Sunday, May 30, 2021

Memorial Day 2021


Once again we pause to remember all those who have given everything for our country.
Armed Forces Memorial, Hawai'i'
 
Some of our excursions into the politics and the soil of other countries have been more popular than others, but no one disputes the sacrifice made by so many.
 
Lincoln, Nebraska 
 
In doing some research for this post it has been shocking to see just how many involvements we have been in over our history. we all know the big ones, Revolutionary War, War of 1812, Civil War, Spanish American, WW1, WW2, Korea, Nam, Middle East, GWOT, but the number of what must be called lesser known is astounding. You can see a list of them taken from Wikipedia here:

https://en.wikipedia.org/wiki/United_States_military_casualties_of_war

Check it out you just might be amazed.

It is estimated that nearly 1.4 million Americans have been lost in these efforts and today we remember them all.

                                                Virginia Beach, Virginia 

This effort of mine, now spanning 12 years, has been an attempt to honor those lost in Nam and this seems like an appropriate place to say that many of you, over the years have asked ,"Have you done a book?" or "Are you planning to do a book?" and the answer is yes.

In fact, the original plan for A Means to Heal was to be just a book, not a web site, but many advised that it would be wise to have an online presence first. Well, after some hesitation, I decided to give it a shot and over time this online effort eclipsed the book project. That has finally been remedied and the print version of A Means to Heal is available. If interested, please contact your local book store and see if they have it. If not, ask then to get it for you. I've been told that if you do that, they will order extra copies for their shelves. Short of that, you can also get it from Amazon.

So, as you observe Memorial Day take a moment to remember why it exists, what it means, and how many were lost. It is not just about BBQ and beer.

R.I.P. to our brothers and sisters of every era.

Next time, on the 4th of June, we will return to New York, so join me there, as usual, at 9:00am.

To see Vietnam memorials from any state, please click on the state name on the left side of Thia page.

Wednesday, May 26, 2021

New Mexico XX

I wondered in to the New Mexico State House one evening and found this display of all those from the state to have been recipients of the Medal of Honor.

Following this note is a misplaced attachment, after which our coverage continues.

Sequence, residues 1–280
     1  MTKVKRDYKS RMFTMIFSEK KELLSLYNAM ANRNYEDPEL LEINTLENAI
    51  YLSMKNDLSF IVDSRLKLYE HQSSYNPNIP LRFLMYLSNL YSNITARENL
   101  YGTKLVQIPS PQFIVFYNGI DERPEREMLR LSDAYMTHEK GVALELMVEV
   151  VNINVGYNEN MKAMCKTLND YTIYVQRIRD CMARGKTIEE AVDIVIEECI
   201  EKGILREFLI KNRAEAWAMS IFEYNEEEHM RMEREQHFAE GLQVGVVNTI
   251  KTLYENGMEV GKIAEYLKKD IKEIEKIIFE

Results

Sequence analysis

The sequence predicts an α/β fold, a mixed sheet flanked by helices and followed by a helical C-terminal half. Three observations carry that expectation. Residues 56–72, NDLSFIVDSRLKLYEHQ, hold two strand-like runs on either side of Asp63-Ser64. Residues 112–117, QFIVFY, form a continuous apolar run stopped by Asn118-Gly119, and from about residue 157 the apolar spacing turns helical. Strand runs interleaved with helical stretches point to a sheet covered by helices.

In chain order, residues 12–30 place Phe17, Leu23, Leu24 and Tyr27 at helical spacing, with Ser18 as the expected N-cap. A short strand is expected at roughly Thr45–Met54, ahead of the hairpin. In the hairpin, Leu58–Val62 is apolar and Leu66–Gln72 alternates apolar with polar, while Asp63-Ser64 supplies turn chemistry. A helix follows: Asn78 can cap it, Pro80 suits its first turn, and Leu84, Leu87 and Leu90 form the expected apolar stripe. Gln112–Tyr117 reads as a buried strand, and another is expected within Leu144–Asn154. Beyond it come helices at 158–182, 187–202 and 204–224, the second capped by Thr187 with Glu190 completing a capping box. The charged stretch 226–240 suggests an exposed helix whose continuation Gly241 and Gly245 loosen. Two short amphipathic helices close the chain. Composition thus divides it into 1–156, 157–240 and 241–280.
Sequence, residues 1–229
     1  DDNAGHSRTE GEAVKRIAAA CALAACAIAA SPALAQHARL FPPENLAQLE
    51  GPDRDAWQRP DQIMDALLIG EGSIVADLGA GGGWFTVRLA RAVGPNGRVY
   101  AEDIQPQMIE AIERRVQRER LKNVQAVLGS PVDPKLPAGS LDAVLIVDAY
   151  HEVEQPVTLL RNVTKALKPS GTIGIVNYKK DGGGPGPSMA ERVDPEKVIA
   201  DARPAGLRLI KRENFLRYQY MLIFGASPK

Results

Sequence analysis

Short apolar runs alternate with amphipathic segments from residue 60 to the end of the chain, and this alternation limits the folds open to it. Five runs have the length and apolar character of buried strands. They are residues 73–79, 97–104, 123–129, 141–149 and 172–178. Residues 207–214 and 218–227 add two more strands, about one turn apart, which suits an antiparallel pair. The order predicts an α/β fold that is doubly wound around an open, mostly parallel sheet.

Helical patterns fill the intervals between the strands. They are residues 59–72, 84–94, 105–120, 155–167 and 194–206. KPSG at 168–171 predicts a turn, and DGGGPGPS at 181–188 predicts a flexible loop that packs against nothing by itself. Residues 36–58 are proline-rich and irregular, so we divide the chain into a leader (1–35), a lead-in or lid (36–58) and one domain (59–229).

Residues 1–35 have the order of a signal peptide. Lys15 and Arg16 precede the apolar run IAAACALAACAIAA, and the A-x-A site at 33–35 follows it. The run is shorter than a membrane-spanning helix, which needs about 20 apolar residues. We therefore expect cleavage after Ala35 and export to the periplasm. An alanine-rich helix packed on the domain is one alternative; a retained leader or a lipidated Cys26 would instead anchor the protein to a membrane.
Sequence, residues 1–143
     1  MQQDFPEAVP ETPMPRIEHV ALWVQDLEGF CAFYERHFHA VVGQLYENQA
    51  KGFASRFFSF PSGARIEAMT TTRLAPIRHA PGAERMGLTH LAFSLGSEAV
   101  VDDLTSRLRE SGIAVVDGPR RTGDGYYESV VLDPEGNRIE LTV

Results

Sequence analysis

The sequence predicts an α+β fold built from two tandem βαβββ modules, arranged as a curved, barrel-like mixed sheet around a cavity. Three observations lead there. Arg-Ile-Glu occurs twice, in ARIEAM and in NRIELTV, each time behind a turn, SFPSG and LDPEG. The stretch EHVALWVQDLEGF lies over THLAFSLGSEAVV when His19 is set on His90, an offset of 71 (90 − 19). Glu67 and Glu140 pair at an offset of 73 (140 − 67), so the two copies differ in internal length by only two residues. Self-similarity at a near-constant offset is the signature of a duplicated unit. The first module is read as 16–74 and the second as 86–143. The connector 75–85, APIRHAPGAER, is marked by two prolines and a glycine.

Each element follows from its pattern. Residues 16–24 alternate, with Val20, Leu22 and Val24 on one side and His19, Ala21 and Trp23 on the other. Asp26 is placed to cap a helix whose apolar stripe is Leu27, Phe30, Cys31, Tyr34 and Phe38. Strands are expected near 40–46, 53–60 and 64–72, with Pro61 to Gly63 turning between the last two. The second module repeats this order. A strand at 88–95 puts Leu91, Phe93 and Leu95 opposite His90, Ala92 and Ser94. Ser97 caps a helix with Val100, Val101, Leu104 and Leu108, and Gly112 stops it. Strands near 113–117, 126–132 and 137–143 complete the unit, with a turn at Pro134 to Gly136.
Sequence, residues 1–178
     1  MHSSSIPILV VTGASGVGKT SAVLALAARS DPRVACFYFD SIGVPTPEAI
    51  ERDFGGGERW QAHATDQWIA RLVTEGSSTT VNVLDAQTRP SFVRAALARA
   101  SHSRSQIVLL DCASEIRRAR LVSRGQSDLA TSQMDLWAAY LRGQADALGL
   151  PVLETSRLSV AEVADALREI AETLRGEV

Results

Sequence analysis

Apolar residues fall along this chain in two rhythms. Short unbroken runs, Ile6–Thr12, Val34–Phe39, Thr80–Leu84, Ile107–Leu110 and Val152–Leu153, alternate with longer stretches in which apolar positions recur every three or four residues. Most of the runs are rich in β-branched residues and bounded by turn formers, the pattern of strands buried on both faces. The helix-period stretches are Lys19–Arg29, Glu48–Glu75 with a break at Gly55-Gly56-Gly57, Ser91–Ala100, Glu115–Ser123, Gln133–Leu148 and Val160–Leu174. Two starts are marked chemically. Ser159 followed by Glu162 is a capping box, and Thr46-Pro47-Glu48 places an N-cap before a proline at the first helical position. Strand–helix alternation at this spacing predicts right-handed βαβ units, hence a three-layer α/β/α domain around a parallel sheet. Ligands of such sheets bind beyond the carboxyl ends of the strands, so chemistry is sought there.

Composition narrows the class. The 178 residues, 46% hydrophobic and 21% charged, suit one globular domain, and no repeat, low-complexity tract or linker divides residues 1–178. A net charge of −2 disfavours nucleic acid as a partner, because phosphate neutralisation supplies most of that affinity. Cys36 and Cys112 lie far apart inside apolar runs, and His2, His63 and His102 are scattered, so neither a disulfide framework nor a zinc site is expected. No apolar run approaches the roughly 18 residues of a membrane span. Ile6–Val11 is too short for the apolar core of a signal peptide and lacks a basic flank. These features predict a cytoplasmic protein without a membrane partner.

While, of course it honors all, as it should, I noted that five of the fourteen listed were so awarded for their actions while in Vietnam.

The lighting was particularly horrible and added flash just made things worse, so I thought I might add the individual plaques here, poor lighting not withstanding.

SSG. Dix is interesting to me as I have found him claimed in several other states.  In addition to the MOH, he was awarded a Purple heart and a Cross of Gallantry. Read more about him here:

https://en.wikipedia.org/wiki/Drew_Dennis_Dix

SSG. Miller did 6 tours in Nam, was awarded the Purple Heart six times along with a silver Star and other awards.

You can read more of his story here:

https://sofrep.com/specialoperations/franklin-d-miller-mac-v-sog-awarded-medal-honor-january-5-1970/


W.O II Rocco saved several men from a burning chopper and was awarded several other honors.

Read about his interesting life here:

https://en.wikipedia.org/wiki/Louis_R._Rocco


LCPL Worley saved several of his comrades by throwing himself on a grenade.

His story is here:

https://en.wikipedia.org/wiki/Kenneth_L._Worley

And, finally, Spec 4 Fernandez who also sacrificed himself for his brothers by falling on a grenade.

His story follows here:

https://en.wikipedia.org/wiki/Daniel_D._Fernandez

So, with Memorial Day fast approaching keep the reason for it in mind and remember these and so many others who made the ultimate sacrifice for their country,

Next time, on the 30th I will go off script a little from Vietnam memorials to memorials to those we honor at this time of year. So, join me then at 9:00am to see memorials from other places to our brothers and sisters from all wars.

To see additional memorials from New Mexico, or any other state, please click on the state name on the left side of this page.

Friday, May 21, 2021

New Jersey XXX

The beautiful New Jersey Vietnam Memorial is one of the very first I ever visited, back in 2009. 

It is large and powerful and you can see some of the original pictures I posted elsewhere on this site.

Today, I just want to share a couple more.

As I shared before you enter through the berms and then are completely engulfed in the site.

Climbing one of the several walkways you find yourself facing the circular wall of names. If there is any memorial that causes you to reflect, as so many attempt to do, this is the one. reflection after reflection after reflection creates an endless array of never ending walls and names.